The Rockin' Johnny Band
Straight Out of Chicago
Delmark 720
Chicago may not be the home of the blues it once was, but it remains about the only place left where a youngster can experience the kind of apprenticeship that Johnny Burgin and his bandmates have been serving the past eight years. Not quite 30 yet, Burgin has lived and breathed the blues while playing behind mentors like Taildragger, Sam Lay, Dave Myers, Robert Plunkett, Golden Wheeler, Big Smokey Smothers and Jimmie Lee Robinson. The band recently also backed Jimmy Burns on his critically applauded Delmark album.

Like several generations of white blues aspirants before them, Burgin and his band (a k a the La-Z-Boys) honed their skills in gritty West Side clubs under the tutelage of the city's older black artists (who still catch flak from some quarters for employing fair-skinned musicians).

Rockin' Johnny's debut album is shared with Plunkett, the Taildragger (James Jones) and Lay, each of whom takes a turn in the spotlight on about half of the album's 14 tracks. Burgin handles the vocals on the opening third and does a credible job for someone who probably doesn't consider himself a singer. His fluid tenor style owes much to the influence of Plunkett, and though he sometimes sounds a bit thin, age and experience should fortify his delivery.

His guitar playing, on the other hand, is mature way beyond his years, a precocious assimilation of the vernacular of Chicago blues circa 1963. As Burgin explains in his refreshingly self-revealing liner notes: "My own playing is mostly early '60s like Jimmy Dawkins, Hip Linkchain, Luther Tucker, Fenton Robinson, Earl Hooker." He's also learned a lot from older guys like Billy Flynn and former Muddy Waters sideman Rick Kreher -- who also plays rhythm guitar on much of the album -- two of the best (and nicest) musicians in town.

The music holds no surprises: just straight-ahead, no-nonsense, shuffle-based Chicago blues. Martin Lang provides the requisite Little Walter harp leads, including "Stompin' at the Fishmarket," a tribute to the classic Walter instrumentals. Among the handful of new material is "Undercover Lover," a clever tune with a surfin' blues tang. Here as elsewhere, Burgin shows a sixth sense for building irresistible tension in his leads. He plays off of a Jody Williams "Lucky Lou" riff on "Confusion Blues," which is also notable for some frantic bass riffing by young Sho Komiya.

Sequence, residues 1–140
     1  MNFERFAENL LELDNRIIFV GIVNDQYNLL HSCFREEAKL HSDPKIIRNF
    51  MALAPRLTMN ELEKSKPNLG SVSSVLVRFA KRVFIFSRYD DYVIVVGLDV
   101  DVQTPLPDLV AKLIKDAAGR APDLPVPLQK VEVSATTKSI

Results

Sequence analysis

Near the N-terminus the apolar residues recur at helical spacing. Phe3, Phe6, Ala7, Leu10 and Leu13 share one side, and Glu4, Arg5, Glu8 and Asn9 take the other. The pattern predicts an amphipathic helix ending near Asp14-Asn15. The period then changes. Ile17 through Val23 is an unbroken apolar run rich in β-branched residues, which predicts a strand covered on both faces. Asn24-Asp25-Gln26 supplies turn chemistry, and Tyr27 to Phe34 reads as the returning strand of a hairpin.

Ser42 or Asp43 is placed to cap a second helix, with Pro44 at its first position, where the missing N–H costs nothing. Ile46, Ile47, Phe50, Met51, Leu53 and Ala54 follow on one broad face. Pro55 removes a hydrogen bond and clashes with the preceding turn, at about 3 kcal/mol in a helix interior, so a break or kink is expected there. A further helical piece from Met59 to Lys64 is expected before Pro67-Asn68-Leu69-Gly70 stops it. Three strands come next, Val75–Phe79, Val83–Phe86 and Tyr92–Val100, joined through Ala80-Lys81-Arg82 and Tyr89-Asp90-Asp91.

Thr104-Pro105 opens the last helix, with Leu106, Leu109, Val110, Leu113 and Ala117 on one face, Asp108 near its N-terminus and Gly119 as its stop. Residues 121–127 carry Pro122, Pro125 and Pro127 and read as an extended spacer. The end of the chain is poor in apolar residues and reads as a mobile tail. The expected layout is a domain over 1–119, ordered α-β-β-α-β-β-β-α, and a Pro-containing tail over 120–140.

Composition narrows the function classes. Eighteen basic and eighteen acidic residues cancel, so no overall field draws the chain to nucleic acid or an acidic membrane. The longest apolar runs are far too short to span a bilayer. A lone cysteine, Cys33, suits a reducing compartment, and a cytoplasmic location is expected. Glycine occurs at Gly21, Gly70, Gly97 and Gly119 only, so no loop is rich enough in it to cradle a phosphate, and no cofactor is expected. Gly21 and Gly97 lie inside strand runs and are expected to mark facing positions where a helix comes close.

Robert Plunkett, once a drummer with Elmore James, plies his husky, down-home tenor on one of his former boss's lesser-known tunes, "Stranger Blues," and Burgin absolutely nails the tone and delicacy of James' slide playing. When the Taildragger takes over for three tracks, things really heat up. The La-Z-Boys have been playing behind him every week for several years now and the synergism is evident. Taildragger's feral energy and Howlin' Wolf vocal delivery cut loose for a torrid, seven-minute rendition of Sonny Boy Williamson's "Sugar Mama." Sam Lay resurrects John Lee Hooker's classic, "I Wanna Boogie" with grainy fierceness, but the endless boogie wears thin over the eight-and-a-half minute length. Burgin closes the set with an instrumental tribute to Jimmy Dawkins (it's about time someone did!) that again features inventive bass playing by Mr. Komiya.

Johnny Burgin and his cohorts (including drummer Kenny Smith, son of Willie Smith) show a great sensitivity to the subtleties of Chicago blues and are making their mark as some of the best of the young players in town. The challenge in years ahead will be to carve out their own style and move the blues forward.

-- Jack Oudiz

This page and all contents are © 1998 by Blues Access,
Boulder, CO, USA.